What I Saw Last Week
The NAHB Housing Market Index met my expectations by rising one point to 61 and is now at its highest level in 10-years.
The fact the builder confidence has been in the low 60’s for three straight month’s shows that single-family housing is making slow but steady progress. The report is consistent with my forecast for a gradual strengthening of the single-family housing sector through the rest of the year.
U.S. Building Permits in July were at a seasonally adjusted annual rate of 1.119 million, which was 16.3% below the revised June rate of 1.337 million (from 1.343M). I had forecast a drop to an annual rate of 1.257M.
The big surprise here was that single-family permits dipped 1.9% to 679,000. To make matters worse, there was an expiration of a tax break for multi-family developers in New York, which put a serious drag on permit applications. That was evident in the fact that total permits in the Northeast were down 60.2% from the prior month.
U.S. Housing Starts ran at a seasonally adjusted annual rate of 1.206 million, up 0.2% from an upwardly revised 1.204 million rate (from 1.174M) in June. I had forecast a figure of 1.2M units (SAAR).
The upshot of this report is that the increase was powered by starts of single-family homes which jumped 12.8% to 782,000, with increases seen in all regions. The Northeast was by far the strongest with a 66.7% increase in single-family starts, followed by the Midwest (+20.0%), the West (+16.6%), and the South (+3.8%).
The July Consumer Price Index produced some headline disappointment with both total CPI and CPI, excluding food and energy, increasing just 0.1%. I was expecting an increase in the core rate of 0.2%.
The stability of core CPI might be construed as a basis for the Fed to rationalize a rate hike in the near term considering one side of its dual mandate is price stability. In this regard, market participants aren’t necessarily viewing the headline readings for July as a friendly surprise when it comes to thinking about the Fed’s monetary policy.
U.S. Initial Unemployment Claims for the week ending August 15 were 277,000, up from the prior week’s downwardly revised level of 273,000 (from 274,000). I was looking for a drop to 272,000.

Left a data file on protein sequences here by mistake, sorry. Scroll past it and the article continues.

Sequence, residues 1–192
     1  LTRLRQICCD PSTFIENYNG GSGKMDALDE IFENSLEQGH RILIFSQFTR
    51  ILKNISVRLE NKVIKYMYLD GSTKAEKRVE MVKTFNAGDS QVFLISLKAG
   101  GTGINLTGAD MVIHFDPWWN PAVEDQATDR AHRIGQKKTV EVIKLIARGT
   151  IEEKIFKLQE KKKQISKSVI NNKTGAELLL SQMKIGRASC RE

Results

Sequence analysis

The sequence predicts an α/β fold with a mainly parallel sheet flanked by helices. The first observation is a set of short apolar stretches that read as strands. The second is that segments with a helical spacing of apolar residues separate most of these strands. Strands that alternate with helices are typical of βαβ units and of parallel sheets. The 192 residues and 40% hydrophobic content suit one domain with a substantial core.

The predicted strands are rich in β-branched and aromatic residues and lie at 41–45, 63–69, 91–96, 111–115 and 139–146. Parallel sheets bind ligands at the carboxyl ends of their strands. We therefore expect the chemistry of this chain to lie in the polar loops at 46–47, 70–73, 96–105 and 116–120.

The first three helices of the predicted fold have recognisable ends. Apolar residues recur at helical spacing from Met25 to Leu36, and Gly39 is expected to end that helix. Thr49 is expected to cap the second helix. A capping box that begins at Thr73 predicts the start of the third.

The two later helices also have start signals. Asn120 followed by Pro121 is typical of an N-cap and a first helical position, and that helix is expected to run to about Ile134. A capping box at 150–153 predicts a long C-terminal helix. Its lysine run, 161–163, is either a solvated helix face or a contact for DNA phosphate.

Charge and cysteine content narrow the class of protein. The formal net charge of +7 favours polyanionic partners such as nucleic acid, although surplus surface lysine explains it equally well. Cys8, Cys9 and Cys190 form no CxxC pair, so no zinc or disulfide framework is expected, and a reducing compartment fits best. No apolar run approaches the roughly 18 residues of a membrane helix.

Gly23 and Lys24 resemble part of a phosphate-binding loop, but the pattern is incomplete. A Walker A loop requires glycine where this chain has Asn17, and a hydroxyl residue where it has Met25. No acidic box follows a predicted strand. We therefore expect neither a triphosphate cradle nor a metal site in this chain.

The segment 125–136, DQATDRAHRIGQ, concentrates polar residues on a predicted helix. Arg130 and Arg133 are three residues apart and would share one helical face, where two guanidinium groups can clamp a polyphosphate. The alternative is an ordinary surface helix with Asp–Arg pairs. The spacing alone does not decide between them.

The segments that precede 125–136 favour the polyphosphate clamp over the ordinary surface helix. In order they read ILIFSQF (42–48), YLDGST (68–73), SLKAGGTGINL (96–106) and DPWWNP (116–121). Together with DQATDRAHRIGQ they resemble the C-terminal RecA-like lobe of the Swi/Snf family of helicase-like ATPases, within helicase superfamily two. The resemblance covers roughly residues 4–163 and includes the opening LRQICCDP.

With the latest week’s data, the four-week moving average for initial claims increased by 5,500 to 271,500, which is still near multi-decade lows. Initial claims have been bounded between 250,000 and 300,000 for the better part of the last year. The latest report, which covers the week in which the household survey for the August Employment Situation report was conducted, fit that trend and suggests non-farm payroll gains should again exceed 200,000.
U.S. Existing Home Sales increased to a seasonally adjusted annual rate (SAAR) of 5.59 million units in July, up 2.0% from the prior month’s downwardly revised level of 5.48M (SAAR). I was hoping for a figure of 5.42M (SAAR).
Sales in July were at their highest level since February 2007 and were up 10.3% from the year-ago period. That marked the tenth consecutive month in which existing home sales increased year-over-year.
The share of first-time buyers fell from 30% in June to 28% in July, which is the lowest share since January. That lackluster participation reflects the challenging conditions (qualifying for a mortgage, saving for a down payment, flat wage growth, and affordability) confronting first-time buyers, who are essential cogs in the housing market since they enable move-up/move-out opportunities for existing homeowners.
The median existing home price for all housing types increased 5.6% year-over-year to $234,000. That was down slightly from $236,300 in June. Given limited inventory levels, notable price declines are unlikely in the near term.
Total inventory declined 0.4% to 2.24 million existing homes for sale, which translates to a 4.8-month supply at the current sales pace versus 4.9 months in June.
Weak affordability conditions have the potential to lead to a slowdown in sales in coming months, particularly if mortgage rates rise. On the latter note, the National Association of Realtors suggested the prospect of higher mortgage rates and home prices have likely been factors in the recent strength, implying that some demand has been pulled forward.
What to Watch for This Week
The Case Shiller Index for June should indicate an annual price increase of 5% with the Seattle market up by 7%.
U.S. New Home Sales in July will come in at around 510,000 (SAAR) from 482,000 the prior month.
Consumer Confidence is likely to drop a little from the July figure of 90.9. Look for 89.0.
U.S. Initial Unemployment Claims are likely to settle down a little. Expect a figure of around 275,000.
The second estimate for GDP in Q2 is likely to show that the US grew at a rate of 3.1% – up from 2.3% in the first estimate.
The NAR Pending Home Sales Index for July is likely to indicate a turnaround with the number up by 1% – from the minus 1.8% seen in June.
Income & Spending in the US in July should show both up by 0.4% from the June number.
Consumer Sentiment is likely to remain at 92.9 – the same as seen in July.